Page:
While it is admittedly an odd subject and an odd starting place, nevertheless, disgust is an innate psychological factor within human psychology. Although to some degree disgust can be culturally conditioned (eating animal "X" may be disgusting in one culture but not in another culture), the psychology of disgust is more or less universal. For instance, we all, regardless of culture, make the same face when we are disgusted and usually have the desire or impulse to spit or vomit.
In this light he makes several baseline observations about disgust psychology:
- Disgust is a boundary psychology. Disgust monitors and determines how to keep the body safe from contaminants/harmful things, how to keep those unclean things from entering.
- Disgust is an expulsive psychology. In addition to keeping us safe, it also motivates our responses aimed at expelling/eliminating things that are disgustingly offensive.
- Disgust has a high degree of plasticity. While the disgust psychology and reactions are universal, the objects of disgust are culturally conditioned.
- Disgust monitors the environment for contaminants. We make sure that our environment is healthy and safe.
- Similarity - Similarity between two objects creates a connection between the two objects (ex: a voodoo doll and the person it looks like). Often we treat things that look like one another the same way, even if we know that is logically unfair or inconsistent (brownies shaped like poop are undesirable even if we know they are brownies).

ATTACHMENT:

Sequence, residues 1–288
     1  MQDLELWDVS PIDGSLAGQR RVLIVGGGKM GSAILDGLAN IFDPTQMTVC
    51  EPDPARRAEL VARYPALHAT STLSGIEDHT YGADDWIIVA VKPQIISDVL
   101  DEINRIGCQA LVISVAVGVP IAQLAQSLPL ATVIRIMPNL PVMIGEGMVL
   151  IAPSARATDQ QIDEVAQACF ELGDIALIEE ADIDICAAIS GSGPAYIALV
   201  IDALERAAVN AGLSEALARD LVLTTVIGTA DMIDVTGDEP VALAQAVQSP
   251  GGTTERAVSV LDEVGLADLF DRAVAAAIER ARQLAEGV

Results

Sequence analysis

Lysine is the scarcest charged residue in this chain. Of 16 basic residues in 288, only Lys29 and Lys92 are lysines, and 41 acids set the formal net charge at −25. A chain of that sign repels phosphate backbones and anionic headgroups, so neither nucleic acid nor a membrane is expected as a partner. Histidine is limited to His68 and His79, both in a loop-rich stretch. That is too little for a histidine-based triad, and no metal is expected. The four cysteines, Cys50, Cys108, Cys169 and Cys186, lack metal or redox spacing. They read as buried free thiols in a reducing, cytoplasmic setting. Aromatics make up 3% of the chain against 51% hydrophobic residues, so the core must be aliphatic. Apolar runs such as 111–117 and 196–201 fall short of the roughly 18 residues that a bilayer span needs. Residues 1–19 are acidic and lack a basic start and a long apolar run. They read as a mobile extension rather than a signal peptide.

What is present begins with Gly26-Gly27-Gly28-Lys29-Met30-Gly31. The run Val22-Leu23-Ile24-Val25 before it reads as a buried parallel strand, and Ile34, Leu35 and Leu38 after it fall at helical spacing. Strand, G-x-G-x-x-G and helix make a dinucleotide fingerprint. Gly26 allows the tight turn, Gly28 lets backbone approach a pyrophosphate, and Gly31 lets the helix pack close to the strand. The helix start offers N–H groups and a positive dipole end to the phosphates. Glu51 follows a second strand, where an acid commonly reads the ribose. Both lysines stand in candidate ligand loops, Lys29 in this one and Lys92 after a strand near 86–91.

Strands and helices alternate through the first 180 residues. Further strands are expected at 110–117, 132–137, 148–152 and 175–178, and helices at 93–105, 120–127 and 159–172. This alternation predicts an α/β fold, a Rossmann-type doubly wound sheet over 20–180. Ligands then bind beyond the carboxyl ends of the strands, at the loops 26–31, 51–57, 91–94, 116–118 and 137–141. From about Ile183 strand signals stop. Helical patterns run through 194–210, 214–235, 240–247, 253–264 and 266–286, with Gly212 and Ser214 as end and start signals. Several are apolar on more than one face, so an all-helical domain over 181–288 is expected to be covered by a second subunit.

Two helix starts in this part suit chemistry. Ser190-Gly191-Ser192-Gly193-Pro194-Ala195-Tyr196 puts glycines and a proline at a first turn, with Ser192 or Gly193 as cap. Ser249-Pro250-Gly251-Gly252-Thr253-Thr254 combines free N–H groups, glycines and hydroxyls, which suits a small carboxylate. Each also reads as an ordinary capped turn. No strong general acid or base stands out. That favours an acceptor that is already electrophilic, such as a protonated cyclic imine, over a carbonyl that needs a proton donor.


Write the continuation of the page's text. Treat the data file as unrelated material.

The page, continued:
- Contact - Contact between two objects creates an indissoluble connection between them (ex: a voodoo doll that is in contact with a person's hair). The rule here seems to be that once something is in contact with a contaminant, it is always in contact with this contaminant.
- Contact: Contamination is caused by contact or physical proximity. This would be like finding a hair in your lunch--definitely grounds for not finishing the salad.
- Dose Insensitivity: Minimal, even micro, amounts of the pollutant confer harm. The classic example cited is "A drop of urine in a bottle of wine will ruin the bottle of wine." The point is not how much of a contaminant is present. The point is that something is either contaminated or it is not. One hair on one piece of lettuce has made all of the salad repulsive.
- Permanence: Once deemed contaminated nothing can be done to rehabilitate or purify the object. Having found the hair, we will not eat the salad--it is a lost cause. Even if the hair is removed, we will not want to eat the salad. Many of us would not even exchange it or replace it. Some would even boycott the restaurant forever because of the hair--their salads can never be clean again.
- Negativity Dominance: When a pollutant and a pure object come into contact the pollutant is "stronger" and ruins the pure object. The pure object doesn't render the pollutant acceptable or palatable. To finish the axiom about wine and urine above it would say: "A drop of urine in a bottle of wine will ruin the bottle of wine. But a drop of wine in a bottle of urine will do nothing to make the urine drinkable." The salad dressing does not make the hair enjoyable food.
Okay, that's great (and gross), but what's the point? What is the theological relevance of this grossness?
As Beck concisely unpacks the pieces of disgust psychology, he continually makes reference to how we export disgust psychology from physical categories (what foods are safe to eat and things safe to touch) to spiritual and moral categories (what kind of people are unclean and unsafe for us to associate with).